2. “Ah. You are an Eve then.” Love the idea in that small snippet there. Love this piece. You know, I hadn't really thought about “revisionist history” short stories until the idea of them were suggested for this contest. Frankly, I love it. And this is a great story about the power of words. However, I love that it makes me want to learn more about Nephi Anderson and Maurine Whipple. My Mormon literature roots just sunk a little deeper with this possible look at these two authors as people posing the same questions that I do.

  3. I loved this story. An imagined meeting by real authors was brilliant. I too liked the juxtaposition of question approaches vis-a-vis answer ones. Nicely, nicely done. Anderson here was so creepy, though, that I thought he was a Mephistopheles figure (Of course, that might be how I view the 'answers' approach.) That really made 'The Mysterious Stranger' a perfect choice for me.

  4. .

    Now that my day is over, I'm here to say thank you to the commenters without putting pressure on later commenters to appease me. I appreciated the compliments and especially the bits of analysis. Analysis makes me feel Important, and that's a pretty good feeling for the humble writer.

    If you want to read more from Anderson and Whipple, but don't feel up to starting a novel just yet, how about a short story?

    Whipple (discussion)


    And I do recommend both writers. Dorian is my favorite Anderson novel, but Scott's read more than I have.

    We have a great artistic heritage that is waiting to be rediscovered and appreciated. Let's go get it!

  5. You could read Added Upon, but Anderson's best works are his later books: Piney Ridge Cottage, A Daughter of the North, and especially Dorian. The Castle Builder, Romance of a Missionary, and The Story of Chester Lawrence are also good. His worst novel, hands down, is John St. John.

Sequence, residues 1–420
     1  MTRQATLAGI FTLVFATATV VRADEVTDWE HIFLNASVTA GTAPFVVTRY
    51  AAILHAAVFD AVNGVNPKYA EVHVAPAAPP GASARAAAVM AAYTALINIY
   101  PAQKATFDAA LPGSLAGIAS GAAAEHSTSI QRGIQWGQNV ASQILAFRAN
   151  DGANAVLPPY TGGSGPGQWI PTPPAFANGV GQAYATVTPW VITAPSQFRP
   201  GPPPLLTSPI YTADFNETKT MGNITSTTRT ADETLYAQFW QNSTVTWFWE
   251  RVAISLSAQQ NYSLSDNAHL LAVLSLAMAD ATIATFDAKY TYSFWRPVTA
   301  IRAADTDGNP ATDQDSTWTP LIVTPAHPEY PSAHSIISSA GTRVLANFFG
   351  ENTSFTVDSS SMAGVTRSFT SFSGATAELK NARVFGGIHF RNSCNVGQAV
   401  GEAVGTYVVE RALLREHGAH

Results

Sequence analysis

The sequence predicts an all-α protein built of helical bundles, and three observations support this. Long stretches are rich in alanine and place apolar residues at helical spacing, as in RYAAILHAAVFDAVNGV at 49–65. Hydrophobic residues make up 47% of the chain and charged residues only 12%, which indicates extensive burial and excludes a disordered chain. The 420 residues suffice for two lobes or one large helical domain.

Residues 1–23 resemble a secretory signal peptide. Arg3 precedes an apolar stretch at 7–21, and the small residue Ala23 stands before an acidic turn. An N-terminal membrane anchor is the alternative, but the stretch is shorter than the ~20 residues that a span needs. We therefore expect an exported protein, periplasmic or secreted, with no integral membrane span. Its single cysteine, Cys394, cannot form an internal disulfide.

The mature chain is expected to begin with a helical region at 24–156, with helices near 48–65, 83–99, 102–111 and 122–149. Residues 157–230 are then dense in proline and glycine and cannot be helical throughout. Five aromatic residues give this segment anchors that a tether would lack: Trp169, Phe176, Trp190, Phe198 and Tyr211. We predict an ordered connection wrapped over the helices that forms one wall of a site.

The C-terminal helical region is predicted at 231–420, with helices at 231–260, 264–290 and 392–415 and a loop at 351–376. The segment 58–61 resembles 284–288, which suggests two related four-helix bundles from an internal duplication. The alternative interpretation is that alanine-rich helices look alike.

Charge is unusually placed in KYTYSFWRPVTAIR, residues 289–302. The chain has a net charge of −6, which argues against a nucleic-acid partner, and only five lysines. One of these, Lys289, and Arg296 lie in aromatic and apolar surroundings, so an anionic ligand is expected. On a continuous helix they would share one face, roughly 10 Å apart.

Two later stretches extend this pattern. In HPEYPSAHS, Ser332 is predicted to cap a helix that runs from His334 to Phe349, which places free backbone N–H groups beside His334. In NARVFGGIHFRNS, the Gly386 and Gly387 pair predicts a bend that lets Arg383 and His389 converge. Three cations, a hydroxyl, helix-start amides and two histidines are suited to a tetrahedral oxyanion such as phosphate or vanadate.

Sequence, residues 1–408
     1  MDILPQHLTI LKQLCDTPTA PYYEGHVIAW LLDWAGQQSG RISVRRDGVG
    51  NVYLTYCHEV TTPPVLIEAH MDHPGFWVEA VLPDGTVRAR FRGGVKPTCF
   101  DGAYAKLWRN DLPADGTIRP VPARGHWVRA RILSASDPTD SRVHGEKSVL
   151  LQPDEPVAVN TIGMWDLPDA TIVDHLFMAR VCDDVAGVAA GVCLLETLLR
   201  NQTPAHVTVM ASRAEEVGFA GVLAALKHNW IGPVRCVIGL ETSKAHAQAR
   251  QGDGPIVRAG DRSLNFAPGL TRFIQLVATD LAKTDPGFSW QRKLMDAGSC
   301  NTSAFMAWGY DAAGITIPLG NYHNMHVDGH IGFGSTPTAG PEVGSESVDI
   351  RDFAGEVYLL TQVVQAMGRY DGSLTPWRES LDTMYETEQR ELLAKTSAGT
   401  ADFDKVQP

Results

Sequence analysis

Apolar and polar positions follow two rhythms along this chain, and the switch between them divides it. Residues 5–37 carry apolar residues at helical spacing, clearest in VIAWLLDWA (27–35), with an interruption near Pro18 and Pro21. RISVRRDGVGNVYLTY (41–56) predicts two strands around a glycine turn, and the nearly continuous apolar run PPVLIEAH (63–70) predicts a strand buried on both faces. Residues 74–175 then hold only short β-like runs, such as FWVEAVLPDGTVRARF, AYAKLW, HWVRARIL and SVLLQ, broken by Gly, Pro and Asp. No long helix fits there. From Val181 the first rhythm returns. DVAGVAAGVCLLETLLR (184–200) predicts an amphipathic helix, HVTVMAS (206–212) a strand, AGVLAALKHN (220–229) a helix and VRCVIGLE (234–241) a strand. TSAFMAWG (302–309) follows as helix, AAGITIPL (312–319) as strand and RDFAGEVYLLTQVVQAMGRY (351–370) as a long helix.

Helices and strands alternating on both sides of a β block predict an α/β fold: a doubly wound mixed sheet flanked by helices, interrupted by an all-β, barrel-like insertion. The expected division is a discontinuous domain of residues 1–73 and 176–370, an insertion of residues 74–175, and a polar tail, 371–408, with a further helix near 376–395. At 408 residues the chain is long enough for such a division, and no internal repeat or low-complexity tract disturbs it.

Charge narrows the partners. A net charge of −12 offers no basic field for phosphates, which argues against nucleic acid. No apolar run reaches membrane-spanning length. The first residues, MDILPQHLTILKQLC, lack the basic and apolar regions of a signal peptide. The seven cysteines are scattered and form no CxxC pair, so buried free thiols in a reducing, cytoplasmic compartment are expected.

Added Upon is ambitious and in some ways very experimental and even innovative–but most people agree that it's a deeply flawed novel from the perspective of the early twenty-first century. It's cultural history and legacy interest me more than anything else.

  6. Creepy seems a little harsh…but lately, Anderson has practically been my roommate, so I have a huge bias. But there is a bit of Mephistopheles in him…

    I see it.

  7. I had a similar reaction – very lovely scene, and I really understood the characters quickly, though I have never read any of either authors' work. For me, though, it did kind of teeter on the edge when I realized these were real people that I was supposed to be familiar with. I wonder how this story would read to an average church member with no knowledge whatsoever of who these characters were supposed to be.

  8. Train crash->alternate history of Mormon literature–and Jepson's little blurb becomes just a wierd story about an old guy messing up a little girl's mind. How's that for creepy?

  9. What a cool imagined meeting. I, too, like the discussion about where fiction should place itself on the spectrum between posing questions and positing answers. That's a great topic of discussion in any venue, but to put that within a short story with those characters (and Twain) was a nice little morsal to feast upon.